38. ^ Cambridge School of Art – Anglia Ruskin. Retrieved on 2012-06-08.
  39. ^ Department of English, Communication, Film and Media – Anglia Ruskin. Retrieved on 2012-06-08.
  40. ^ Department of Humanities and Social Sciences – Anglia Ruskin. Retrieved on 2012-06-08.
  41. ^ Department of Music and Performing Arts – Anglia Ruskin. Retrieved on 2012-06-08.
  42. ^ "School of Medicine will address pressing healthcare needs – Anglia Ruskin University". Retrieved 24 September 2017.
  43. ^ "It's official: Essex has its first School of Medicine – Anglia Ruskin University". Retrieved 24 September 2017.
  44. ^ "Anglia Ruskin Research Institutes".
  45. ^ "University League Table 2020". The Complete University Guide. 1 May 2019.
  46. ^ "University league tables 2020". The Guardian. 7 June 2019.
  47. ^ "The Times and Sunday Times University Good University Guide 2019". Times Newspapers.
  48. ^ "World University Rankings 2019". Times Higher Education.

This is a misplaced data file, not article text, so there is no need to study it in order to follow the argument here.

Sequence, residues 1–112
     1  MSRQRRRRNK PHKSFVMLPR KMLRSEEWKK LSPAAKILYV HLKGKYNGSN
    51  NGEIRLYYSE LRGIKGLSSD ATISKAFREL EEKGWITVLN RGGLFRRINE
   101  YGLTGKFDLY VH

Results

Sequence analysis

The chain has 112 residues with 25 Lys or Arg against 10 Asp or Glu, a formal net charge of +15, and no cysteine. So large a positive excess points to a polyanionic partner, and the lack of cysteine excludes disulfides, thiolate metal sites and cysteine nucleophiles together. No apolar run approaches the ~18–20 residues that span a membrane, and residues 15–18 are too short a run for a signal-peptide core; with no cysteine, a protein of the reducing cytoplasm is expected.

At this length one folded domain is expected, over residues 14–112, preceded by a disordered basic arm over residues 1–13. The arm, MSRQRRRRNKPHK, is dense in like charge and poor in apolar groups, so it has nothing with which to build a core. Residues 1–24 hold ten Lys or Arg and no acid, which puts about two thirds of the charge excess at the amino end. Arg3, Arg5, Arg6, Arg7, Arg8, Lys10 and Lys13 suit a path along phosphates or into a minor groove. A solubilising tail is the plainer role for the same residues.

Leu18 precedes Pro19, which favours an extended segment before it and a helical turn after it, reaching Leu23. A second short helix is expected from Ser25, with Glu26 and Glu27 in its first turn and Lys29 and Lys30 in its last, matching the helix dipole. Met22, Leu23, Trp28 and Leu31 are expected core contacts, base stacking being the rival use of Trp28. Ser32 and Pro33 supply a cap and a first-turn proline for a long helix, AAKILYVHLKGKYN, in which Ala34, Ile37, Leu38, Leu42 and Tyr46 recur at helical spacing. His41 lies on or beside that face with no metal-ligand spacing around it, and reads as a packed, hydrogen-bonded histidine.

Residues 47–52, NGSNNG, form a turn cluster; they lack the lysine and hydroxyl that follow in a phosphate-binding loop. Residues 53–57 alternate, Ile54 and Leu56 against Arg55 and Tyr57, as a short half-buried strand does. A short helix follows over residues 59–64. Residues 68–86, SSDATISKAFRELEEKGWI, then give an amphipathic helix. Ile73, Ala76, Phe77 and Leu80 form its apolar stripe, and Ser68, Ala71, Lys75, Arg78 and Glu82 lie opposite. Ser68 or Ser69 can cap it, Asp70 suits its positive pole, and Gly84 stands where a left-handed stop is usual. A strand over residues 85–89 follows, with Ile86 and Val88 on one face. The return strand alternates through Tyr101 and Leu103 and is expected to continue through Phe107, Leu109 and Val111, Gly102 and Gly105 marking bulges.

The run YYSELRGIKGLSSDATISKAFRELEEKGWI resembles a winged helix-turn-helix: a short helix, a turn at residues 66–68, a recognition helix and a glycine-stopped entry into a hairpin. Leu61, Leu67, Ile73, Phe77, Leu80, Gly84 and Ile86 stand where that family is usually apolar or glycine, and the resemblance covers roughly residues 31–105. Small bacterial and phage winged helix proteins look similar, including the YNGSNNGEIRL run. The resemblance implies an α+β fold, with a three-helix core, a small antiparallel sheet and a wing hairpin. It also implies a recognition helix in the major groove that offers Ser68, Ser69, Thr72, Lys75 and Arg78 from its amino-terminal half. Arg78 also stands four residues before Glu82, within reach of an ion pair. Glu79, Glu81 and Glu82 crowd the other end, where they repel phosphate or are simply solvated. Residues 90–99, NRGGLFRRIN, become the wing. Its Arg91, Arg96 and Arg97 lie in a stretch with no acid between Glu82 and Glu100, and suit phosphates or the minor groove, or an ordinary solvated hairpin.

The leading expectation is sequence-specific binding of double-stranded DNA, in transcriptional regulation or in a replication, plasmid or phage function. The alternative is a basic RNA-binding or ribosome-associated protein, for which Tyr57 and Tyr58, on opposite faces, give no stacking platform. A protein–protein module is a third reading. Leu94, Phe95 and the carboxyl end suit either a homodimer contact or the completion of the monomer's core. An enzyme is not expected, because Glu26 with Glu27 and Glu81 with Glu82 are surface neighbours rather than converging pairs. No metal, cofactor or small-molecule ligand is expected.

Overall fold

49. ^ "Teaching Excellence Framework outcomes". Higher Education Funding Council for England.
  50. ^ England, Higher Funding Council of. "404 – REF 2021". Archived from the original on 10 April 2018. Retrieved 6 December 2018.
  51. ^ "QAA Institutional Audit December 2007". 14 December 2007. Archived from the original on 15 November 2010. Retrieved 26 July 2010.
  52. ^[permanent dead link]
  53. ^ "Archived copy". Archived from the original on 9 October 2016. Retrieved 11 October 2016.CS1 maint: Archived copy as title (link)
  54. ^ "People & Planet University League". 18 October 2016.
  55. ^ "World University Rankings". 17 August 2016.

External links[edit]